Strategies to make the news when you're not well-known

How to Make the News, Even When You’re Not the Headline

Many companies hire PR agencies because they want to make the news, i.e., see their stories splashed on the front pages of USA Today or the Wall Street Journal or featured in a top-tier technology publication. Such a media hit rarely happens overnight, as the bar for a solo feature profile is incredibly high. To put this into perspective, even Steve Jobs had to patiently wait a few years before he became the story.

A PR colleague who used to work for Regis McKenna (Apple’s PR agency of record in the 80s) recalled a meeting in which Jobs asked when she would get him on the cover of Fortune. She answered with brutal honesty. Jobs in turn hurled a glass of water at her. He did call her the following morning to apologize and they continued to work together. And, as you know, in his lifetime, Jobs graced not just magazine covers but books, movies and documentaries.

So if you’re not Steve Jobs and you’re not the story, what’s the next best thing?

Pitch a bigger story

News outlets seek stories with broad appeal and meaning, which will discount most pitches about CEOs and company missions. Instead, craft your pitch around an interesting development in your field that’s happening and not enough people are talking about. A very effective strategy here is to conduct a survey and then report the results. Amendola client Health Catalyst did that last year, garnering considerable coverage. Or, pitch a story based on a larger societal trend or current news event, provided you can make a direct connection to it—and offer up one of your company’s thought leaders to weigh in.

Yes, your company and mission can be a facet of the above pitch types, but tread carefully. The goal at this point is to get the process going, become a part of the story and build your profile as a valued source. Think of your company’s media career as that of an actor who is steadily building up his or her credentials, in one increasingly larger role after another. Over time, more audiences become aware of the actor. If the roles are in quality, interesting productions, the audience’s interest and like of the actor will grow as well.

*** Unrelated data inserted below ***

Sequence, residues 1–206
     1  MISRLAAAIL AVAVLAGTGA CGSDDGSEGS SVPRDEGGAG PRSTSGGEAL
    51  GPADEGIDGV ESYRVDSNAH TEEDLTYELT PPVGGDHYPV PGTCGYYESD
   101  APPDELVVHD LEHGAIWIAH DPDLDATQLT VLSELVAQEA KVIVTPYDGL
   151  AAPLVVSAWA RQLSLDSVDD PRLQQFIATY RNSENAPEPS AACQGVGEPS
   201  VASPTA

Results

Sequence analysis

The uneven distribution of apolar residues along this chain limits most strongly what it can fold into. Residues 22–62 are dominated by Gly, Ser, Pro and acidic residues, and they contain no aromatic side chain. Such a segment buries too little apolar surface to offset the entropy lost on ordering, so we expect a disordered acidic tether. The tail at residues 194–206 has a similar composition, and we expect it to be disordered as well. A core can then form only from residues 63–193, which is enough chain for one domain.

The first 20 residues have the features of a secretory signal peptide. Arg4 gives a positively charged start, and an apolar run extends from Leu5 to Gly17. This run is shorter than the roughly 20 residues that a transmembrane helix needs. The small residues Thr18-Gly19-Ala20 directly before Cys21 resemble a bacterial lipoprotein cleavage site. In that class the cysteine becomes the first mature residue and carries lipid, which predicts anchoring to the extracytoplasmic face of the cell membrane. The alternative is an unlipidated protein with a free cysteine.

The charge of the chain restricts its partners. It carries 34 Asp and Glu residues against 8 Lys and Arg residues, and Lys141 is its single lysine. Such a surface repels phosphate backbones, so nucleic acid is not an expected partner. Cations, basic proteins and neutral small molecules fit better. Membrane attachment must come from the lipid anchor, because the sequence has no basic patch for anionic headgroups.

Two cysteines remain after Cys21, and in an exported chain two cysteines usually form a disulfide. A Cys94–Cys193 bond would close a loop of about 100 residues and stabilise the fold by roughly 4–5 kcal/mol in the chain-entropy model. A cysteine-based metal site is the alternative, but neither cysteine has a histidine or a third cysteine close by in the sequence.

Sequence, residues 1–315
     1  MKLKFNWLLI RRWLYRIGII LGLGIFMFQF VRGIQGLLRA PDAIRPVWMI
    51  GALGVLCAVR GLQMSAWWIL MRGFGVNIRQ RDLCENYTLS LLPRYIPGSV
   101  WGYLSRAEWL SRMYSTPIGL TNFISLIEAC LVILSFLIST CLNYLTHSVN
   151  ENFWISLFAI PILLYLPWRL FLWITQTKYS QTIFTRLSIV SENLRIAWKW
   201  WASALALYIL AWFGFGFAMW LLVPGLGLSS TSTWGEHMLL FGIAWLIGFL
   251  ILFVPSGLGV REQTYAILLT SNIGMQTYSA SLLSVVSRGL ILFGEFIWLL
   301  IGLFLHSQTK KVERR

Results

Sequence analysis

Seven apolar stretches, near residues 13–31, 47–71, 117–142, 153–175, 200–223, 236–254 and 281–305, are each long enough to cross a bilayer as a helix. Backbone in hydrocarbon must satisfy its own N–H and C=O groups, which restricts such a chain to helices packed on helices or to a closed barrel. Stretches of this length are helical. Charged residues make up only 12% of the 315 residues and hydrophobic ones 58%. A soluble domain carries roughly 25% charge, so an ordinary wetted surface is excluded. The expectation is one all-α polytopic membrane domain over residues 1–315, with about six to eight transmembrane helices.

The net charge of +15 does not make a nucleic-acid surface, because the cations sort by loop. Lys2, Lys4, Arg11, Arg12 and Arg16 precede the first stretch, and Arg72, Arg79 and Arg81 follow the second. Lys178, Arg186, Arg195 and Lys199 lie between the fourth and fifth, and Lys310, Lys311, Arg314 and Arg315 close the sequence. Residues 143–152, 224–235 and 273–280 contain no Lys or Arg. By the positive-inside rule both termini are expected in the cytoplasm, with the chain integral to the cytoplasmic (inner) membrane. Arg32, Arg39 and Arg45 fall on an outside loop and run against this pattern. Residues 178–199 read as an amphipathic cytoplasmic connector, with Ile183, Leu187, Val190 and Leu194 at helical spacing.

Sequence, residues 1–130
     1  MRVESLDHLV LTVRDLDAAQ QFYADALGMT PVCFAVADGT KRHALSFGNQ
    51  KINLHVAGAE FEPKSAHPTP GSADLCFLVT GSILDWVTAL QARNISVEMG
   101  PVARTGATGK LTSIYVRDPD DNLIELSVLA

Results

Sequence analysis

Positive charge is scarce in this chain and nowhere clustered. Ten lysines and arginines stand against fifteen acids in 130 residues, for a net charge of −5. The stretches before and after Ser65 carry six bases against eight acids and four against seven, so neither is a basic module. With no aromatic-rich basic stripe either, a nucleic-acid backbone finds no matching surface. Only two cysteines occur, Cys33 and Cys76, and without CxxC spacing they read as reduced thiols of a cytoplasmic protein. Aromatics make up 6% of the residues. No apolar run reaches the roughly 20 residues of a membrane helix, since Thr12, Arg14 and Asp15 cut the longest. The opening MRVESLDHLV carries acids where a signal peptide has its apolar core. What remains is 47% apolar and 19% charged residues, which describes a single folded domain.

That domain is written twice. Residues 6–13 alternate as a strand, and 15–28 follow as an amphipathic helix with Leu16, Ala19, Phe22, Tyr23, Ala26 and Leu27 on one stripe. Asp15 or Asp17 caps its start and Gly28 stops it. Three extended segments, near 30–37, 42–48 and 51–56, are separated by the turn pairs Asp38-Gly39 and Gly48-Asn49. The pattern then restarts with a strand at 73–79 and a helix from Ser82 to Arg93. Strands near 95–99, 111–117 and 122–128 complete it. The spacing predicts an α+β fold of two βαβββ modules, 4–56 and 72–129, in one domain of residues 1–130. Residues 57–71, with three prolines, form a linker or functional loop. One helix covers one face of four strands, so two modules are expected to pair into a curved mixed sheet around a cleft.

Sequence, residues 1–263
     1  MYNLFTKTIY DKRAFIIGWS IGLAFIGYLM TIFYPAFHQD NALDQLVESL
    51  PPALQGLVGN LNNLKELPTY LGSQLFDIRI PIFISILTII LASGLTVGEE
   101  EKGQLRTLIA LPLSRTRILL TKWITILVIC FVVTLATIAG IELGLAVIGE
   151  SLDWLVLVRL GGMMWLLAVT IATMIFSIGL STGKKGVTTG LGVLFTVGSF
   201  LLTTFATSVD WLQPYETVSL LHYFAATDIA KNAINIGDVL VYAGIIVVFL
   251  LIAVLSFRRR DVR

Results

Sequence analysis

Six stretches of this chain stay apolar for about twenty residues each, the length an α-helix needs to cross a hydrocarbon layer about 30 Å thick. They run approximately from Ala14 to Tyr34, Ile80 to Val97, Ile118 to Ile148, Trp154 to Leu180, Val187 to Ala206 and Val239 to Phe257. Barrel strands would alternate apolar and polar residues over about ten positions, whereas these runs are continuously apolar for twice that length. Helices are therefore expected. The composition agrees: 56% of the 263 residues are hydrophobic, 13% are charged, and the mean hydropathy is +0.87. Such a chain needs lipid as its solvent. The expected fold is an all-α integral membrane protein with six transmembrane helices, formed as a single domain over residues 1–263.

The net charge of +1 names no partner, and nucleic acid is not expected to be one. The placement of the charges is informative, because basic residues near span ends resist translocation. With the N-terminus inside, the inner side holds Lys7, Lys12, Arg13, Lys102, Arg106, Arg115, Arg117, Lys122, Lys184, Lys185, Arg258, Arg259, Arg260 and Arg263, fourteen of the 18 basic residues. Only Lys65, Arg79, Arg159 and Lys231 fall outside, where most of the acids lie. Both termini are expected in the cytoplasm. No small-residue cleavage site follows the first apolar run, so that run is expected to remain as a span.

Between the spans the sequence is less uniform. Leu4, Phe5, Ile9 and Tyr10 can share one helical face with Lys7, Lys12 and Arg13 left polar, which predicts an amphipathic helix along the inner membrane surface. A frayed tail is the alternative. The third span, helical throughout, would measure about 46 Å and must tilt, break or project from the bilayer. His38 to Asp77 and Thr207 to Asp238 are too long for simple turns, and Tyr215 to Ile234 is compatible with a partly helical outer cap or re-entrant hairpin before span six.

Let your client (the end-user) take center stage

Oftentimes editors are more interested in the end user, not the vendor. They don’t want to report about software, but actual use cases, as evidenced by this article in Network World. Originally, we pitched a broad story about private healthcare data being stored on public clouds. This was enough to pique the interest of a tech reporter at Network World, who then asked to speak to a hospital CIO about the risks and benefits of storing sensitive information on public clouds. The reporter immediately saw the need for a sidebar about a HIPAA-compliant cloud and ended up quoting our client extensively in it.

So you see, being a sidebar or a part of a bigger story are just a couple of ways to prime the pump on your way to being THE story. You just need the guidance of seasoned PR professionals to help make it happen. We stand ready to help…only non-water throwers, please.

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